Well, of course that's what they say: Strawy the Sockpuppet is my ever-helpful foil! Right, Strawy?

[Strawy nods.] "You got it, Fr. Jan. You good guy liturgists illumined by the Holy Spirit have seen through our hateful charade again! That's exactly how us preconciliar sexist troglodytes think and speak! Curses, foiled again!"

Thus the need to eliminate any personal touch with the lay folks, and, by all means, do not allow them to communicate with each other, even to wish oneÂ?s neighbor the peace of the risen Christ.

Strawy: "Damn, but you're good, Fr. Jan. Can't fool you!"

(One wonders what these people think of the pope as he hugs and kisses the children who present him with the gifts to be offered, giving each of them a small gift as a remembrance of the liturgy. Perhaps it is all right for the pope to be warm and personable during the liturgy, but inappropriate for lesser souls.)

Strawy: "The bright face--it burnsss us, burnnnsss us. Nassssty liturgissstt! Gollum. Gollum!"

Time for more topical cream, Fr. Jan. Oh, hell--just dump the vermouth all over yourself.

All we've managed to learn thus far is that a liturgical consultant for the Archdiocese of Seattle ["Welcome to Hunthausen Country--Hope You Like Your Felt Banners in Teal!™"] doesn't like EWTN much.

Cotton, I feel shocked...

I think the folks responsible for these stuffy

Smiles, everyone--Smiles! Liturgy Island!

liturgies are confusing mystery with mystification. Rites that express mystery will invite people into the unknown, into what lies beyond the action of the ritual. Liturgy done well this way will cause people to ask, 'How does this ritual which I can see, and in which I am participating, lead me more deeply into the beyond, into life of the God of mystery whom I cannot see? Mystification, on the other hand, leads one to ask,What on earth does that mean, and why in God's name is he doing that?'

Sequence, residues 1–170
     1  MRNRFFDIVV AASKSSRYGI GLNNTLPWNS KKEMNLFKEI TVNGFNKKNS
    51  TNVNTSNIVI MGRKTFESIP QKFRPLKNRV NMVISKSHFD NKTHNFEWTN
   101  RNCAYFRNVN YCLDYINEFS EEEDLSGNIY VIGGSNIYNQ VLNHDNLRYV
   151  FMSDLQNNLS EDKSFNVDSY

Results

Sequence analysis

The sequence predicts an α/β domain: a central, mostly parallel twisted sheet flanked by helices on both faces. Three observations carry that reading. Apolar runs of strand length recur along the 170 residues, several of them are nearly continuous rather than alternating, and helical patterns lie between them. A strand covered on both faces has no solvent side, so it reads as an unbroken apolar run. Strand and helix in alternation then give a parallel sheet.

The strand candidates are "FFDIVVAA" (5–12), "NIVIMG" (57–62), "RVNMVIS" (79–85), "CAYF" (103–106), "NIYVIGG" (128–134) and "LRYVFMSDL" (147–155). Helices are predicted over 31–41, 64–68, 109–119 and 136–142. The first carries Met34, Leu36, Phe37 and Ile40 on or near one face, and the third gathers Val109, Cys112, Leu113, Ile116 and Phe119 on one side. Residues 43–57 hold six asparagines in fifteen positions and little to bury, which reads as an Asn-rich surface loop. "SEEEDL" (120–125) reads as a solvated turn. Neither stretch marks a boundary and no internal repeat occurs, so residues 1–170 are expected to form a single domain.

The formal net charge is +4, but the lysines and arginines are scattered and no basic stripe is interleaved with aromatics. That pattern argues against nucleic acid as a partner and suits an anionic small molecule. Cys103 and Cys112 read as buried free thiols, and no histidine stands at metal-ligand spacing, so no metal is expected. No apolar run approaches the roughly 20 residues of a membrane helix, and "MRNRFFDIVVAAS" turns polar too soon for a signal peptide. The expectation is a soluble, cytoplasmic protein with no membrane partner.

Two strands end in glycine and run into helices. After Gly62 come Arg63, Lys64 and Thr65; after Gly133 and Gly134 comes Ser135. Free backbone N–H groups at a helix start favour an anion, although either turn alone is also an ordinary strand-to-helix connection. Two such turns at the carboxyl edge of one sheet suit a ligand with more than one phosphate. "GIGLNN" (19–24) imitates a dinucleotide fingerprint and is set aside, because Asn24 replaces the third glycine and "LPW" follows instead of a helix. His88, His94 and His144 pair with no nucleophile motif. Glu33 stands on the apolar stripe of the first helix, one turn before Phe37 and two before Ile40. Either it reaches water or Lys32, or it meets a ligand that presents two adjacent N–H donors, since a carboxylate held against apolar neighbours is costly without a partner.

Which explains perfectly, of course, why the average American parish liturgy has all the mystery and sacramental transcendence of the annual company picnic.

Complete with sack races.

Luke Timothy Johnson, author of The Creed and other works, wrote recently in Commonweal magazine about the concerns of many conservative Catholics that paying attention to one another during the liturgy (what he calls horizontal values) have distracted us too much from the vertical values-our relationship with God and Christ.

So much easier to have someone else do your thinking for you. Actually, I often like LTJ--I own and have profited from reading two of his books. But he's talking out his condescending tailpipe here.

He writes:

Critics who complain that these horizontal values have been realized at the cost of vertical ones, that mystery and a sense of the transcendent have disappeared among all the folksiness, need gently to be reminded of the difference between mystery and mystification. We who grew up in a Tridentine liturgy and who witnessed the travails of reform can bear an important witness to those of a younger generation who hanker after the good old days.

OK. Being a troglodyte and all, I'm not one to discount out of hand the wisdom of my elders. But, having heard enough hyper-emotive carping from a certain segment of those elders, I am not particularly impressed by the bottom line content of the complaining. Yes, Sister Mary Margaret Flagrum and her rosary belt and all that--but that doesn't mean you are in a position to tell the rest of us "shut up." Methinks all too many of you giddily tossed the baby with the bathwater.

The griping sounds like the Catholic liturgical equivalent of having to walk to school ten miles each day, uphill both ways, having to chop wood on recess and writing the daily lessons with a broken pencil on scraps of cardboard you collected while spending the remaining 26 hours of each day working in the salt mines so you could have fresh kelp on your dry toast every third Sunday. Not...particularly persuasive.